Its been 8 days since the euro has rallied against the U.S. dollar. To put this into perspective, it is the longest stretch of weakness since October 2008, when we were knee deep in the global financial crisis. Comparatively however it is not the perfect analogy because the losses this month are small compared to the losses in 2008. In the 10 day period between Sept 23 and Oct 6, 2008, the EUR/USD fell from 1.4827 down to 1.3440. At the start of this month, the EUR/USD was touched a high of 1.3284 and earlier today dropped to a low of 1.2930. Although the political mess in Greece could end with the historic decision to leave the euro, such a decision should not yield as large of a move in the EUR/USD as the global financial crisis because the investors have had plenty of time to discount the move and have already set their contingency plans into motion.
A number of stops were triggered when the EUR/USD broke below 1.2955 and this break is technically significant. The latest move takes the currency pair below the 61.8% Fibonacci retracement of this year's rally. If the EUR/USD closes below this level, it would open the door for a move down to at least 1.2840, a former resistance turned support level from mid January. This may hold the pair temporarily but the real support level is at 1.2624, the YTD low. On the weekly charts, we can see a head and shoulders formation that also points to the possibility of a move back down to yearly lows.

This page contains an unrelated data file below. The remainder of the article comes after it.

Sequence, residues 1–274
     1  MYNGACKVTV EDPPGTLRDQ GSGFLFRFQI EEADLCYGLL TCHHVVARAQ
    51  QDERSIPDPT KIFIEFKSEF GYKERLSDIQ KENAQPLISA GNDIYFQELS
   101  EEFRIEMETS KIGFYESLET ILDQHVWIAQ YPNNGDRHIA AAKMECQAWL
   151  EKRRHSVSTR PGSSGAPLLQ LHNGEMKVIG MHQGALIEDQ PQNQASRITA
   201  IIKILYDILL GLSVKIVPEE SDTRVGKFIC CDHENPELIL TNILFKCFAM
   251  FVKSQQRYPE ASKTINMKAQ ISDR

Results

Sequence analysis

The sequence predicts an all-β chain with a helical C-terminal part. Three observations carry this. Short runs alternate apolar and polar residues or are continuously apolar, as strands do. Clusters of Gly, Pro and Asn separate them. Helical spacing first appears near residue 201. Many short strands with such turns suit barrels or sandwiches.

Fundamentally, there are plenty of reasons why the EUR/USD could revisit its year to date lows. As we wrote in our daily note last evening, the chance of Tsipras succeeding in forming a coalition government is slim. Elections will most likely be held on June 17th and between now and then there will be a virtual moratorium on the implementation of austerity measures. Tsipras affirmed that Greece should remain in the euro but it would be ludicrous to expect the European Union to allow the country to remain in the euro and have access to the ECB if their bailout accord becomes "null and void." In the meantime however as we watch the Greek political saga unfold, all eyes are on European bond yields. For the first time since May, Spanish 10 year bond spreads are above 6 percent and if Spanish yields continue to rise, the EUR/USD will continue to slide.
With no major U.S. economic data on the calendar today, the focus will remain on Europe.